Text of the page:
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LightBoost, G-SYNC, Turbo240: 120Hz Strobe Backlight LCDs / No Motion Blur! - Page 135

post #1341 of 2929
Quote:
Originally Posted by mdrejhon View Post


However, it's a brightness-versus-motion clarity tradeoff.

LCD monitors can go way over 300cd/m2 when you should be running about 120cd/m2 - isn't that more than enough headroom for Lightboost?
post #1342 of 2929
Quote:
Originally Posted by PCM2 View Post

In which country?
America
post #1343 of 2929
The XL2411T was never available in the US unless imported, was it?
post #1344 of 2929
Thread Starter 
Quote:
Originally Posted by Moragg View Post

LCD monitors can go way over 300cd/m2 when you should be running about 120cd/m2 - isn't that more than enough headroom for Lightboost?
LightBoost 10% is equivalent to a 5:1 ratio of black frame insertion (dark 85% of the time, strobing 15% of the time). That means it's flashing only 1.4ms out of each 8.3ms (1/120sec refresh). So you're losing 85% of brightness during LightBoost=10%, so it is often barely only 50cd/m2 on many LightBoost monitors.

Some monitors with LightBoost uses boost pulses -- it does so on the XL2411T and VG248QE. The boost pulses can be modified to be brighter, so the backlight it emits at least >500cd/m2 during the strobe in order to achieve average brightness of ~90cd/m2 during LightBoost=10%
Successful electronics modification of a LightBoost monitor for brighter LightBoost=10%

Interesting factoid: Many high-brightness CRT's flicker at 5,000cd/m2 at the electron gun beam spot, to achieve average brightnesses far less than 100cd/m2.

Someday I'd like to see strobe backlights of 0.5ms or 1.0ms, and that will require even brigther backlights in order to achieve a sufficiently bright image, since we'd now be starting to approach almost 20:1 black frame insertion ratios (95%:5% black frame versus visible frame).

Mathematically, strobe length is directly proportional to amount of motion blur.
50%:50% strobes = 50% less motion blur relative to regular 120Hz (and 50% darker)
75%:25% strobes = 75% less motion blur relative to regular 120Hz (and 75% darker)
85%:15% strobes = 85% less motion blur relative to regular 120Hz (and 85% darker)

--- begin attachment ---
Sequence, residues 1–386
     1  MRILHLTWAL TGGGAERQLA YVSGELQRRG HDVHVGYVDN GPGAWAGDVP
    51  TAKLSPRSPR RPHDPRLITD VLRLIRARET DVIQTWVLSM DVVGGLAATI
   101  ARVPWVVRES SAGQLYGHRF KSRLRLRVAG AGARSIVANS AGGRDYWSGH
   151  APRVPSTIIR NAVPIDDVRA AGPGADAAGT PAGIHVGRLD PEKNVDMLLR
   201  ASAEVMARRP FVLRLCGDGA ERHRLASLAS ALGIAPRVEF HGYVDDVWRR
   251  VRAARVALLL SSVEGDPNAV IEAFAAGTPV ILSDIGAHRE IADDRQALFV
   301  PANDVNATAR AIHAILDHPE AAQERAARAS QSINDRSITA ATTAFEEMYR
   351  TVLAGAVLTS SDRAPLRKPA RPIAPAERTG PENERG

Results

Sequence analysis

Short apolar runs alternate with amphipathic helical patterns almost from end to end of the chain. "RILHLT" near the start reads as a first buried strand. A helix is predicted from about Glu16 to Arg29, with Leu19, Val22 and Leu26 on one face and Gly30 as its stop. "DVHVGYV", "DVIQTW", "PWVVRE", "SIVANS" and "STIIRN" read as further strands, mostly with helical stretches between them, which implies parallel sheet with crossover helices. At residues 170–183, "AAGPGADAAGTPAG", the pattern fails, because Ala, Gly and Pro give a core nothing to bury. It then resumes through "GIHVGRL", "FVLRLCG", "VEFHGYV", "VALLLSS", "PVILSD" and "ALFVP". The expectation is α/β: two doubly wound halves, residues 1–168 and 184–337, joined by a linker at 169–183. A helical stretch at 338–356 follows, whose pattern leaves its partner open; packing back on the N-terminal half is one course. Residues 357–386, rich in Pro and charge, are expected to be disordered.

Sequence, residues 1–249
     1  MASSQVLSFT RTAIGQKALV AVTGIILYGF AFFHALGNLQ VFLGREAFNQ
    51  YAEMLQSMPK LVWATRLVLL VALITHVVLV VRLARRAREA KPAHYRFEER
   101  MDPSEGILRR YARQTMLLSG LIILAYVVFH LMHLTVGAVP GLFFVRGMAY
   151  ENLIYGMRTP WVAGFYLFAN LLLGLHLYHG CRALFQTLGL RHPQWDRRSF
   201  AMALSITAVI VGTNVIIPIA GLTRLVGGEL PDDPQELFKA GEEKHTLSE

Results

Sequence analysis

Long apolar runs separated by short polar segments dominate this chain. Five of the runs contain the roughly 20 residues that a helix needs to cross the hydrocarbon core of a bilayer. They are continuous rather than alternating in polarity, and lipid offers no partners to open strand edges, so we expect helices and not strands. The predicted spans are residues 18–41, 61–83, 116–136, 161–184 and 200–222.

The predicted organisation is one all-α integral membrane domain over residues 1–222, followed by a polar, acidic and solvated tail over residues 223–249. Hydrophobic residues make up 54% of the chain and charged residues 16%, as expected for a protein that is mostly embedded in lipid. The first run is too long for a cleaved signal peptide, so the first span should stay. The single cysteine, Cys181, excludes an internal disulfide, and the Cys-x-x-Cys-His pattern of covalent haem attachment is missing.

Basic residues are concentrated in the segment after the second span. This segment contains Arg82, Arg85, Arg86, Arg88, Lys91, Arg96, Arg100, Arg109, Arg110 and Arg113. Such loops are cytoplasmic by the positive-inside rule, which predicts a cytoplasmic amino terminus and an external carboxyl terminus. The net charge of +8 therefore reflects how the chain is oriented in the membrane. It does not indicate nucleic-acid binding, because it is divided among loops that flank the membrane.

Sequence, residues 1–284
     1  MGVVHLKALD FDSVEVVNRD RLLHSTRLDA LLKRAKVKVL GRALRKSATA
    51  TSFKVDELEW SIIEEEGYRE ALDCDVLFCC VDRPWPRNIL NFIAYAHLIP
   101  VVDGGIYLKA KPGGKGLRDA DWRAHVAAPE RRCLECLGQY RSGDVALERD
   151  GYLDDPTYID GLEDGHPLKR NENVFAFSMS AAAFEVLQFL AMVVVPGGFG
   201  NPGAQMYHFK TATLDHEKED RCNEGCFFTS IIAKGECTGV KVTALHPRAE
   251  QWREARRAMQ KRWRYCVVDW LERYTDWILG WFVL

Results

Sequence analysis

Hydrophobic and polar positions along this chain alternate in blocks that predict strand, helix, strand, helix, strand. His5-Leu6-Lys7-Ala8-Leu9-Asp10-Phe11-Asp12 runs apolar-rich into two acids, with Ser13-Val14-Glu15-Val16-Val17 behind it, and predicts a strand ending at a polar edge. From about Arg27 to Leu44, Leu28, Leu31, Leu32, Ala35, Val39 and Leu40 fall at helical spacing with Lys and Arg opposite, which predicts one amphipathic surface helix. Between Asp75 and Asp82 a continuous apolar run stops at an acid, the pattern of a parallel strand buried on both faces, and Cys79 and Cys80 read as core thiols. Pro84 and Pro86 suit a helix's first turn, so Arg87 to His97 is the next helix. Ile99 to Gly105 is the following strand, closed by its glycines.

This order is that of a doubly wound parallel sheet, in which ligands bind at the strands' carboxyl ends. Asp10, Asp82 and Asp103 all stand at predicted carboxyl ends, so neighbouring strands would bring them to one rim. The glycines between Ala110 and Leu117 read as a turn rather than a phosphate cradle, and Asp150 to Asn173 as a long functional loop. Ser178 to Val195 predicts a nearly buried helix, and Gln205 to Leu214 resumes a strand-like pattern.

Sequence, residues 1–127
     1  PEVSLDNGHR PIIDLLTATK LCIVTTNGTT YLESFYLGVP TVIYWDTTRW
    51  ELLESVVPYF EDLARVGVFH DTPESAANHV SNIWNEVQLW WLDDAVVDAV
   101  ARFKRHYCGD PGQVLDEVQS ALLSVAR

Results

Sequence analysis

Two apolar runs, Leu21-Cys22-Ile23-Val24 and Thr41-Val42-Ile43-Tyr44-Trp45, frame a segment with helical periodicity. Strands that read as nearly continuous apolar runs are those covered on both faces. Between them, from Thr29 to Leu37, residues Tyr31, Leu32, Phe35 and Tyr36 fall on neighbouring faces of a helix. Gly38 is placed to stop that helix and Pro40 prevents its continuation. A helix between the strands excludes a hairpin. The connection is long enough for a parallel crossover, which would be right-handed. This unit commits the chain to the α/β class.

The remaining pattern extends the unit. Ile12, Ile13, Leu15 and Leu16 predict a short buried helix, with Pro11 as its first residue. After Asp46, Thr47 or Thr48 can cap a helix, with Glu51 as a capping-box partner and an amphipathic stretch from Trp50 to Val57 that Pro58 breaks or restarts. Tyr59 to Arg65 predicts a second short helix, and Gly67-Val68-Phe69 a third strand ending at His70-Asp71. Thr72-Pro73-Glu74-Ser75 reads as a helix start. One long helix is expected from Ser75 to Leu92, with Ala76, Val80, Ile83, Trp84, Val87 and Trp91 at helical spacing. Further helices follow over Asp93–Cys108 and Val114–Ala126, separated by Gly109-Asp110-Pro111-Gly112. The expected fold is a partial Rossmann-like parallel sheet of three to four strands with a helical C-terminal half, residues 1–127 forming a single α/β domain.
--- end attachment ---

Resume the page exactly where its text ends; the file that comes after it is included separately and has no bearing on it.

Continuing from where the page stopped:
95%:5% strobes = 95% less motion blur relative to regular 120Hz (and 95% darker)
Edited by mdrejhon - 7/25/13 at 2:40pm
post #1345 of 2929
Quote:
Originally Posted by PCM2 View Post

The XL2411T was never available in the US unless imported, was it?
Ah, okay I went to Amazon.co.uk and yes your suspicions were correct... could not find it in the US but I did find it there.
post #1346 of 2929
For those that were curious about the XL2420TE in non-Lightboost mode, I can confirm it's lowest brightness setting with zero-PWM is in fact lower than the two other monitors I have here. I have decided to keep one of the XL2420TE's for it's zero-PWM feature and use as a side monitor to my 3x1 Portrait XL2720T surround setup. If you want a non-Lightboost 120-144 Hz monitor that has a wide brightness adjustment and zero-PWM flicker, the Xl2420TE is the one to get (well, the only). I personally love Lightboost strobing and zero-PWM on m y eyes versus regular PWM strobing.

I would normally have stuck with my Dell U2413 but I found a nasty bug in which if you have a surround setup at 120 Hz, and a 60 Hz monitor on the side it doesn't work properly and the "feel" of the 120 Hz setup drops down to the 60 Hz. So, if you have a 120 Hz surround setup and want to run that 4th screen, you must match it with a 120 Hz screen.
Edited by CallsignVega - 7/25/13 at 7:20pm
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post #1347 of 2929
Thread Starter 
Quote:
Originally Posted by CallsignVega View Post

For those that were curious about the XL2420TE in non-Lightboost mode, I can confirm it's lowest brightness setting with zero-PWM is in fact lower than the two other monitors I have here.
That's good news -- could be the redeeming quality of XL2420TE, because I've had a few complaints that many 120Hz monitors are way too bright, even at Brightness=0%.
And even if you don't get eye strain from PWM, the ability to lower brightness, without seeing ugly PWM motion artifacts, is a good benefit for people who prefer the non-LightBoost image.
i.e. It's like a more expensive VG248QE, to contain these specific nice perks.
post #1348 of 2929
Quote:
Originally Posted by Moragg View Post

LCD monitors can go way over 300cd/m2 when you should be running about 120cd/m2 - isn't that more than enough headroom for Lightboost?

120cd/m2 is only really suggested for a relatively dim room. In a moderately to well lit room (especially with natural light coming in) 160cd/m2+ is often preferred. But they're just recommendations when doing colour manipulation. For gaming it's obviously good to stick with a brightness that reflects the room conditions as well, but there is more room for personal preference.
Edited by PCM2 - 7/25/13 at 11:53pm
post #1349 of 2929
Quote:
Originally Posted by PCM2 View Post

120cd/m2 is only really suggested for a relatively dim room. In a moderately to well lit room (especially with natural light coming in) 160cd/m2+ is often preferred. But they're just recommendations when doing colour manipulation. For gaming it's obviously good to stick with a brightness that reflects the room conditions as well, but there is more room for personal preference.

Interesting. I can see the logic behind that, but I do like a slightly less bright monitor as it's easier on the eyes. Though for colour manipulation you're right that keeping it the same as the ambient light level would be important.

+rep for the info.
post #1350 of 2929
Quote:
Originally Posted by CallsignVega View Post

I can confirm it's lowest brightness setting with zero-PWM i
Ok but what is its value of cd/cm2 ?
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